The appellants, Walter P. Alexander and Mrs. Alice Keith, the uncle or brother, as to which one the record is not clear, and the first cousin of the alleged testatrix, respectively, in support of the caveat filed by them against the purported will, proved by Duncan Cope, vice-president of the Bank of Hollandale, that Miss Alexander had been sick a great deal and that he considered that "she was a little off — the general community thought so"; that she had gotten up before a church conference and made statements against a minister which he thought a woman in her sane mind would not have made, and that "she tried to give her property away, — tried to give it to Mrs. Holland, and Mr. Holland wouldn't let her take it, and then she turned around and gave it to the Burnettes, and I understand that the court revoked it and gave it back to her." He was talking about her mental condition during the year 1946, and although he cashed her checks at the bank, he said that he realized that he was taking a chance in doing this for her as a customer and local resident.

It was further shown by Mr. and Mrs. R.W. Slay that they lived in the home of Miss Alexander from July 1945 until July 1947, where they had an opportunity to observe daily her mental condition; that in 1946 Miss Alexander was in bed practically all the time, and that on one occasion she ordered these witnesses to leave her home and stated that if they didn't, she would throw a bomb in their room under their child, and that she gave Mrs. Slay some dishes, and later saw them in the latter's part of the house and took them back, and in that connection Mrs. Slay stated, "I figured she just didn't have her right mind at all. I wouldn't say that she was responsible for things she did or said while I stayed there"; and that Miss Alexander would call her at night and tell her that somebody was looking in her window, and, on investigation, she found that there was no one about the house.

It was further shown that Mr. Kelly Drew Alexander, who lived in the small town of Hollandale and who had been married for several years, was asked by Miss Alexander if he was still going with a school teacher who was at her house, naming her, and that it became necessary that she be informed by this relative that he was married and had a family with whom he had been living in the town for several years.

George Angelo, who operated a cafe and had been rooming in the home of Miss Alexander for ten years, testified that she was insane, and that she did not know what she was doing on the night of October 26, 1946, when the appellee and the notary public came to her home, and that immediately after they left, he had to lead her from another bedroom back into her own room. He testified to other facts and circumstances on which he based his conclusion that she was not of sound mind at any time during that year.

The appellee contends that Angelo's testimony is wholly incredible and unbelievable, but we are of the opinion (Hn 3) that this was a matter for the consideration of the jury, and especially since he was corroborated by a Mrs. Landrum, a neighbor, as to Miss Alexander's claim that there was something wrong with her head all the time. Then too she further testified that on one occasion Miss Alexander gave her a dozen imported plates and later took them away from her and gave them to a Mrs. Torrey Woods.

Another neighbor, Mrs. Furnace, testified to certain acts indicating unsoundness of mind.

(Hn 4) Moreover, it was for the consideration of the jury as to whether a person of sound mind would have probably made a deed on the same day that she wrote and signed the purported will whereby she undertook to presently convey to the beneficiary named in the will the very residence and home site where she was living, shown to be worth at least $6,000, more than four years prior to her death and merely in consideration of a promise by the grantee to place a marker at her grave. Furthermore, it appears that the grantee in the deed and beneficiary under the will was not in any manner related to the grantor and alleged testatrix and he is not shown to have ever rendered her any service that would cause her to feel obligated to him.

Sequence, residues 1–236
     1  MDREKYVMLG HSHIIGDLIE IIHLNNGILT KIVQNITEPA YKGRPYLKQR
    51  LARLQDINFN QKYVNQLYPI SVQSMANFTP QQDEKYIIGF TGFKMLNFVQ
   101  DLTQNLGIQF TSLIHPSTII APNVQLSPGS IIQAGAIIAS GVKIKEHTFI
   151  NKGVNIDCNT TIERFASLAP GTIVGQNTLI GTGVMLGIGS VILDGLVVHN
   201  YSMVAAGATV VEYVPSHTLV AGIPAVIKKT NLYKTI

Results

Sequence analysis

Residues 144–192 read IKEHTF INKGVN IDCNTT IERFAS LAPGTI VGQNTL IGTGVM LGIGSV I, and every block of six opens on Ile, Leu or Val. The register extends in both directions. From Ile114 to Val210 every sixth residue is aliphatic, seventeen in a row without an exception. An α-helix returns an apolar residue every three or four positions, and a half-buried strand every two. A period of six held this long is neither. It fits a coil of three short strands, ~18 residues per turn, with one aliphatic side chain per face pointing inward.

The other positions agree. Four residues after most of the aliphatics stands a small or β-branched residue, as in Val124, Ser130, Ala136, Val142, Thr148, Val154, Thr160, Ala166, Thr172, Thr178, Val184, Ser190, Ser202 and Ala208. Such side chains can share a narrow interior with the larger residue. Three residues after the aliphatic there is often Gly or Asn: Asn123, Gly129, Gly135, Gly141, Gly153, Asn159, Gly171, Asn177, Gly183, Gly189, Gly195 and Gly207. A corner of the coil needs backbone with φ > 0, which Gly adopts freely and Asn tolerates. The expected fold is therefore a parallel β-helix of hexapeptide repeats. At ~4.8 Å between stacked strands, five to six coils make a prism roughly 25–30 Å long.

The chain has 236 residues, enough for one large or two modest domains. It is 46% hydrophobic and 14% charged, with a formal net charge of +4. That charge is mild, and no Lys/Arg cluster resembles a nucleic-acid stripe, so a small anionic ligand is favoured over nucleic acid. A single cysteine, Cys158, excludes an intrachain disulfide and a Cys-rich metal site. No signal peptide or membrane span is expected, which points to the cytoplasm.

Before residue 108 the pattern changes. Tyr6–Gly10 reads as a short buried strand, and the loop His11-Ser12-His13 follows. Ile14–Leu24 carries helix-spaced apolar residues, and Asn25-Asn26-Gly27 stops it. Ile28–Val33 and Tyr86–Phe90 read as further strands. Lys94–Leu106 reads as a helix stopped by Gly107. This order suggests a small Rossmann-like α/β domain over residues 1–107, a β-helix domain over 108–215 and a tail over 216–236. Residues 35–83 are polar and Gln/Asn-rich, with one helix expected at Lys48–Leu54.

The appellant Walter P. Alexander was the sole heir-at-law of Miss Alexander, and the other appellant, Mrs. Alice Keith, was also a near relative who had administered to her needs during her illness, and to such an extent that her said sole heir-at-law assigned to Mrs. Keith a half interest in the estate prior to the filing of the contest of the will. And it was held in Jamison v. Jamison, 96 Miss. 288, 51 So. 130, that the proponent of a will has the burden of giving some reasonable explanation of the unnatural character thereof. This explanation was not forthcoming.

Under the cases of Partee v. Pepple, et al., 197 Miss. 486, 20 So.2d 73, and Skrmetta v. Moore, 202 Miss. 585, 30 So.2d 53, it was held that the rule now applicable in chancery as well as at law, under a recent statute, is that (Hn 5) when there is a motion to exclude the evidence all of the facts which the testimony fairly tends to establish in favor of the party against whom the instruction is requested, together with all the reasonable inferences to be deduced therefrom, should be assumed to be true. And since we are of the opinion that under this rule such facts and inferences as were disclosed by the evidence on behalf of the contestants were such as to raise an issue of fact for the jury on the question of testamentary capacity, and especially in view of the unsatisfactory testimony of the witness before whom the testatrix undertook to swear to her holographic will — on the issue of whether or not she was of sound and disposing mind at the time of its execution — we have concluded that the cause should be reversed and remanded. And also for the reason that the testimony on the part of the contestants as to when some of the incidents testified to had transpired is indefinite, we feel that in the interest of justice a reversal and remand for a new trial should be ordered, neither party being entitled to a directed verdict on the record now before us.

Reversed and remanded.

Alexander, Hall, Kyle and Holmes, JJ., concur.